TNC and The Coca-Cola partnership

When The Coca-Cola Company began to envision potential long-term impacts of water scarcity and poor quality on their production in 2004, its executives revised their business strategy for sustainable growth by taking into account water stewardship.[1]   In an interview on June 19, 2012 with Jeff Seabright, a former Vice President of Coca Cola’s Environment and Water Resources Division, he emphasized Coca-Cola’s 2007 commitment to sustainability as a key to balance short-term and long-term management.[2] The leaders of Coca-Cola acknowledged the vital role of collaboration with other stakeholders, including communities, institutions, governments, and organizations in achieving their goals of sustainable water use and conservation. Among those partnerships, Coca-Cola started working with TNC in 2007 to gain a better understanding of the positive impacts and effectiveness of water conservation activities. By quantifying the benefits of Coca-Cola’s investment in community watershed partnership (CWP) projects, TNC helped the company design and develop future conservation projects.

The Conservancy assisted Coca-Cola in measuring the amount of water coming from water conservation projects in which Coca-Cola participated. In addition, experts from TNC evaluated water-related risks and vulnerabilities of their current and future business interests. Since Coca-Cola realized increasing water scarcity could impact production costs, involvement in conservation became a profit motive for the company. TNC’s technical tools offered Coca-Cola a better understanding of the health of the watersheds that Coca-Cola relied on and their cooperation with suppliers, governments, and stakeholders.8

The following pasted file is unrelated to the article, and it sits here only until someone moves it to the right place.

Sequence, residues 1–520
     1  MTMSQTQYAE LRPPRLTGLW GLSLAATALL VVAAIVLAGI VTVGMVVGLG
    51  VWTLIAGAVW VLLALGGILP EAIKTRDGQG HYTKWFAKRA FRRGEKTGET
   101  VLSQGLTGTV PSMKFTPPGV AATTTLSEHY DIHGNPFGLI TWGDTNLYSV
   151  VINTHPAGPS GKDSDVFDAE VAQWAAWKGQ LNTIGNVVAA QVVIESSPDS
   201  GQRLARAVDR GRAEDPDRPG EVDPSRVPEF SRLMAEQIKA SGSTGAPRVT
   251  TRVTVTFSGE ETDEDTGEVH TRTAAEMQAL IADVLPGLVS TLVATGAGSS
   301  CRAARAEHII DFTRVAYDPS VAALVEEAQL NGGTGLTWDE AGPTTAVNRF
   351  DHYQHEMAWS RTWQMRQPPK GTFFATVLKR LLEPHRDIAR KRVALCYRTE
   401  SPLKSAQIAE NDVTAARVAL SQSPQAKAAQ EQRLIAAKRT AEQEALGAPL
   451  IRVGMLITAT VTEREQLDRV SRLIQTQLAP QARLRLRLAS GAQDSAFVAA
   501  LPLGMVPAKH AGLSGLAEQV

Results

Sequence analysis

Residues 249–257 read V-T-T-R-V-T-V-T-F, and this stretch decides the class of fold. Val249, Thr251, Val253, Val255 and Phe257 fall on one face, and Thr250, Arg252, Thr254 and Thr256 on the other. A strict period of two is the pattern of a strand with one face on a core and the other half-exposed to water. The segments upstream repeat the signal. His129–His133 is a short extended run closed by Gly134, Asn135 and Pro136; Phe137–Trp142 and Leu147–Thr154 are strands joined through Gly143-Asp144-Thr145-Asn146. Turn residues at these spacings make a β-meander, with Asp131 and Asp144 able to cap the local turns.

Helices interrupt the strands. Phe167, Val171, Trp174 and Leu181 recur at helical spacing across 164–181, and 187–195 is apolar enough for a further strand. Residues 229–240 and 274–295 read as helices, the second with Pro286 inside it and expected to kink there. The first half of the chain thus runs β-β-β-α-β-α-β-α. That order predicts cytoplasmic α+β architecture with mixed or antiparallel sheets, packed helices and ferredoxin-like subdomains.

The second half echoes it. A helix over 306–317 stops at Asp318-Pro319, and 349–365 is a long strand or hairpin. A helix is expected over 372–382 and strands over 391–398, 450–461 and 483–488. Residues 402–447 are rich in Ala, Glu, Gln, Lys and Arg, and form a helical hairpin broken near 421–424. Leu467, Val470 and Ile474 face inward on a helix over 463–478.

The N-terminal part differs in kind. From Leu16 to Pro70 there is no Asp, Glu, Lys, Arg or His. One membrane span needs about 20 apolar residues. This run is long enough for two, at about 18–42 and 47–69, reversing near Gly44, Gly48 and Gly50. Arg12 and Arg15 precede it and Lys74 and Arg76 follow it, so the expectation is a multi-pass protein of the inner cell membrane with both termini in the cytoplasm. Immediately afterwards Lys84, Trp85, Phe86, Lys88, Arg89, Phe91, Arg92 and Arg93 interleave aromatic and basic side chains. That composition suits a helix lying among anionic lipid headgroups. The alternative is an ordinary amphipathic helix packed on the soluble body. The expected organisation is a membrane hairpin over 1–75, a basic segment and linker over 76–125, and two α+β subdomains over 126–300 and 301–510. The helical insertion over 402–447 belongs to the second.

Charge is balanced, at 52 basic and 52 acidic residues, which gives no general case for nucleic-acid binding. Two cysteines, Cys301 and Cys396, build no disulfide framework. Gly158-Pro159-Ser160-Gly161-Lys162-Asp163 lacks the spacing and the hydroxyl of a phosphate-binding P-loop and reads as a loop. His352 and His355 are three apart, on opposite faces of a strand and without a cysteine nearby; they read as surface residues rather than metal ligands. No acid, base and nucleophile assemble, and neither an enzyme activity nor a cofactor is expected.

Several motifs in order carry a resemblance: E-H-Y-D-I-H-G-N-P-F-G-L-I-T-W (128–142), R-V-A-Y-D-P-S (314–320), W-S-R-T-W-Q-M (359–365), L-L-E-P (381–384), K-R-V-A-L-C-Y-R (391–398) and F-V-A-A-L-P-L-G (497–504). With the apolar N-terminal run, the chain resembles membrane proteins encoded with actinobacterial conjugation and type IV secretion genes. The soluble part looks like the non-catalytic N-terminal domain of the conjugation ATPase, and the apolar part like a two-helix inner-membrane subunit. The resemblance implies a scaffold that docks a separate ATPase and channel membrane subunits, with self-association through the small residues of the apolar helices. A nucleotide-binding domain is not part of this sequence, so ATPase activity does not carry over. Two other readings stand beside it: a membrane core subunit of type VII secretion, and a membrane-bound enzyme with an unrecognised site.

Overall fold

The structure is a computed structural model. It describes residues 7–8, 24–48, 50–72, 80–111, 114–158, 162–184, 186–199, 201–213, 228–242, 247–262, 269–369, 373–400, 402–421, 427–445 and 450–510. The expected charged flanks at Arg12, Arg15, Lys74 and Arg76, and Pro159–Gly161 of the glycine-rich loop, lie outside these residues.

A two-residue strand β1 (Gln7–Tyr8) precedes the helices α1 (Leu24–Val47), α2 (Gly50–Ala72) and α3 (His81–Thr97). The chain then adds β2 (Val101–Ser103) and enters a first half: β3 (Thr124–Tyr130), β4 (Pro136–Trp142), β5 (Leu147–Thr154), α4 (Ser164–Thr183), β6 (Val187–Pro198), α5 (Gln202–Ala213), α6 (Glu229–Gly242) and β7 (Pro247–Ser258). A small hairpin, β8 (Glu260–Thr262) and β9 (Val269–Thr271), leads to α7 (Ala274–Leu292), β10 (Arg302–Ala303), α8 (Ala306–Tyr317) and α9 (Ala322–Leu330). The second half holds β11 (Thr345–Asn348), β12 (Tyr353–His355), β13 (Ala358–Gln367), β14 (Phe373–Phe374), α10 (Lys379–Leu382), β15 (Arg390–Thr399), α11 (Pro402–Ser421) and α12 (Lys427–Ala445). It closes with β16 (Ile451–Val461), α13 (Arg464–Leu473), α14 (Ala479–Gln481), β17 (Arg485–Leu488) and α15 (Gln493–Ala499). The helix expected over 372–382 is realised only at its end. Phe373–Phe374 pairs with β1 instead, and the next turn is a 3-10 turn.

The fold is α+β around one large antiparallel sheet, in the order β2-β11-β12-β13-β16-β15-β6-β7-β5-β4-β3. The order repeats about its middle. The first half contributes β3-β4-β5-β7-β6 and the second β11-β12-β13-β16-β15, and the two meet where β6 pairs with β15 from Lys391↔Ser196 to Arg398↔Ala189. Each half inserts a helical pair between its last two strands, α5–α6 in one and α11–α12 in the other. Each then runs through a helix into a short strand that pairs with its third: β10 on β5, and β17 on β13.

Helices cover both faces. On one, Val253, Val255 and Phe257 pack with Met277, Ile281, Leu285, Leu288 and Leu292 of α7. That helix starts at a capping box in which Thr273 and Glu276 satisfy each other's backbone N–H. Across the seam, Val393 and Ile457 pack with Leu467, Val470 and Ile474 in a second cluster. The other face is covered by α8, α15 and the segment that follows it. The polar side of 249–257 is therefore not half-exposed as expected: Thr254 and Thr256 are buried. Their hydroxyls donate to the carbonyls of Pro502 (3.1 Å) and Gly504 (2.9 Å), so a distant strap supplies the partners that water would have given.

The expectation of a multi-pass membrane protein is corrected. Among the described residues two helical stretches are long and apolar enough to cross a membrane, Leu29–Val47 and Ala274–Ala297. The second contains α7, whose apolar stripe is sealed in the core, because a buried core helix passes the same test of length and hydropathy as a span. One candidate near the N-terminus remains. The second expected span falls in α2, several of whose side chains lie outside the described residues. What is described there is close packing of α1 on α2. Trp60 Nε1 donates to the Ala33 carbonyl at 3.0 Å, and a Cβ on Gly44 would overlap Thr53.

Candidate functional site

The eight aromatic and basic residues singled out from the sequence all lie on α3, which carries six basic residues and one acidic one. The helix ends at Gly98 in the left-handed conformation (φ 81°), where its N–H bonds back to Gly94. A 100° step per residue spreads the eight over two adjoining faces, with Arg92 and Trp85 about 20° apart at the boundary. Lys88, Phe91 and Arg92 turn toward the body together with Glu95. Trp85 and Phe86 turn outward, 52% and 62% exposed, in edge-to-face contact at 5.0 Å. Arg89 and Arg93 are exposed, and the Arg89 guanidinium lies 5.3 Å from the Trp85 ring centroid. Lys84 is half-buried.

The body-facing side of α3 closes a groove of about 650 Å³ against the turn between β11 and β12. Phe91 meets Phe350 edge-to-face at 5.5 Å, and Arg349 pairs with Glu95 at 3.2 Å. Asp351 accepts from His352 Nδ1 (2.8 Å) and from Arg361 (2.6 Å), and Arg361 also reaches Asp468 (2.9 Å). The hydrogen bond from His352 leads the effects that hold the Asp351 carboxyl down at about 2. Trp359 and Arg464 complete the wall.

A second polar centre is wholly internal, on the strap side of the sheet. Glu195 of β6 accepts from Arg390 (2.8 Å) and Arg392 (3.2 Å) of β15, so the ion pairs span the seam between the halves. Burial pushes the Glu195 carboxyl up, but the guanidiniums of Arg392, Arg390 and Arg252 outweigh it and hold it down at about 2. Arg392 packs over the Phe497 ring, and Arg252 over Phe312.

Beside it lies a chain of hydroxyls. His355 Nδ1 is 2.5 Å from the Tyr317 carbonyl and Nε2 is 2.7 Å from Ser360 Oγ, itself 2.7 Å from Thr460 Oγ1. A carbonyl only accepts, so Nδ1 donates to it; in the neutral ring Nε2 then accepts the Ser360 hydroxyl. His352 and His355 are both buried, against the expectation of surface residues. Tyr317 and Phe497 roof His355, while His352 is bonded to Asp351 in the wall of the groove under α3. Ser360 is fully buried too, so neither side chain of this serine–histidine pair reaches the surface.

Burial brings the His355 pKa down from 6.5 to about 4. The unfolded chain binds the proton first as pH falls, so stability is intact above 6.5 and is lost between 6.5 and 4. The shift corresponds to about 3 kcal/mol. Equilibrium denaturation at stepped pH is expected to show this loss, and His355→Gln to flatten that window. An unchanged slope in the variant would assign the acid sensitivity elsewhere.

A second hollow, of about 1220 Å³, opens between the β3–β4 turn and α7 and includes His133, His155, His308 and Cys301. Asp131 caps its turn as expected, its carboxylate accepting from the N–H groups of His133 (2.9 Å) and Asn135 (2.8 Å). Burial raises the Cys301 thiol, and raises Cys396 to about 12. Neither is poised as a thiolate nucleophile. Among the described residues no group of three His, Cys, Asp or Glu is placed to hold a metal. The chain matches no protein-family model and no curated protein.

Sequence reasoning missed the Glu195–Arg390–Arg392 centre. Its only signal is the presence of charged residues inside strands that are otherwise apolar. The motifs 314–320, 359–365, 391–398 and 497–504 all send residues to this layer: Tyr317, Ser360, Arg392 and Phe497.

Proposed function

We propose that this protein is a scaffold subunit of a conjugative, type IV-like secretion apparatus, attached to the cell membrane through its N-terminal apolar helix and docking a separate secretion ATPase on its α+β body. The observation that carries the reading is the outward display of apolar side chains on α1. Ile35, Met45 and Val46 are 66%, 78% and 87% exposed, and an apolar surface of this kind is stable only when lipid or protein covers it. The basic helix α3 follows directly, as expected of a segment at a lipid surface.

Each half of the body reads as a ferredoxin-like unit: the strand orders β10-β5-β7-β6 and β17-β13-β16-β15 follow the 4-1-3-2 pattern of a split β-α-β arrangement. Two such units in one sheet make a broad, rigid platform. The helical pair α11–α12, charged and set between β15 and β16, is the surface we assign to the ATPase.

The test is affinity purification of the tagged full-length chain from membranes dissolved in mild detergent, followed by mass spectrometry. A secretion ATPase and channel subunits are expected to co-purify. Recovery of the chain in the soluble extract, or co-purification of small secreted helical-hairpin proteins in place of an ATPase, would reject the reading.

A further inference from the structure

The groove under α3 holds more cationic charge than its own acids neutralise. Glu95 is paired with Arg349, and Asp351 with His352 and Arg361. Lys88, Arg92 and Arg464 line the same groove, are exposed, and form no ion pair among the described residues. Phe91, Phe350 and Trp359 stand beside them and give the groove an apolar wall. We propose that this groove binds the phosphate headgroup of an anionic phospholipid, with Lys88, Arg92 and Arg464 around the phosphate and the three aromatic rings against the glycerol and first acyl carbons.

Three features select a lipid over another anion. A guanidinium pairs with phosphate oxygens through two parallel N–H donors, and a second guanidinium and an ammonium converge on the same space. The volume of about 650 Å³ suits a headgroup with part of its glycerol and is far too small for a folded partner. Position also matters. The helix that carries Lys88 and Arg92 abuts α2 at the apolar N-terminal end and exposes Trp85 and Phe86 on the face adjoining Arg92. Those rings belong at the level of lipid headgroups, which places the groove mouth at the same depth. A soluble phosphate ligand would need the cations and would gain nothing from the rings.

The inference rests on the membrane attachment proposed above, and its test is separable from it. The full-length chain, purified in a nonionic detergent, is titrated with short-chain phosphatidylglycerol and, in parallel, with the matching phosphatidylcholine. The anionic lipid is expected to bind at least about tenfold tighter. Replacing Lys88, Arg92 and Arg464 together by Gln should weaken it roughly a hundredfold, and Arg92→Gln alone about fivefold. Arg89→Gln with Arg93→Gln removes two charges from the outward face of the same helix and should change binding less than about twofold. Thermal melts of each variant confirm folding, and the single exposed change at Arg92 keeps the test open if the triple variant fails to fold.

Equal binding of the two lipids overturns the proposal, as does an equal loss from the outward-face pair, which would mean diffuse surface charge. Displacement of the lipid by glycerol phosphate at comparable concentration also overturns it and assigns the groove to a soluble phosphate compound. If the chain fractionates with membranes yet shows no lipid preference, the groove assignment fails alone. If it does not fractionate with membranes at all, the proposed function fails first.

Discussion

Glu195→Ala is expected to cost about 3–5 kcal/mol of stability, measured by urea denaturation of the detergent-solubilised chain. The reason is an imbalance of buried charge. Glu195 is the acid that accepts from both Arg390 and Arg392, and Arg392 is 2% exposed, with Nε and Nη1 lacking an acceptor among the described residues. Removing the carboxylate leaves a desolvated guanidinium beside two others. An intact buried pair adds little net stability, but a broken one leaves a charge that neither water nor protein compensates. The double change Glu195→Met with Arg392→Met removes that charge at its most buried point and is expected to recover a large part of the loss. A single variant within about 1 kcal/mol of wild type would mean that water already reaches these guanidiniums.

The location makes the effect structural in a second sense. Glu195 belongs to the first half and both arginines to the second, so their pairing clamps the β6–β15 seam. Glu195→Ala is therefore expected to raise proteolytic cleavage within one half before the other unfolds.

In return, Coca-Cola contributed financial support to TNC’s watershed restoration activities. The company donated approximately two million dollars for at least nine freshwater replenishment projects that TNC was developing.[3] These projects took place from 2009 to 2012 in many large watersheds across many states, including the Etowah and Flint Rivers in Georgia, Michigan’s Paw Paw River, the Trinity and Brazoes River Watersheds in Texas, the Everglades Headwaters in Florida, and the Sacramento River Watershed in California.10 The partnership with Coca-Cola enhanced TNC’s efforts in informing policy initiatives and working with farmers and landowners on the best watershed management practices.

[1] “The Water Stewardship and Replenish Report”. The Nature Conservancy and The Coca-Cola Company. January 2011.

[2] “Importance of Corporate Sustainability – The Coca-Cola Company.” The Nature Conservancy.  Accessed by March 6, 2016.

[3] Limno Tech. “Quantifying Watershed Restoration Benefits in Community Water Partnership Projects”. January 25, 2010: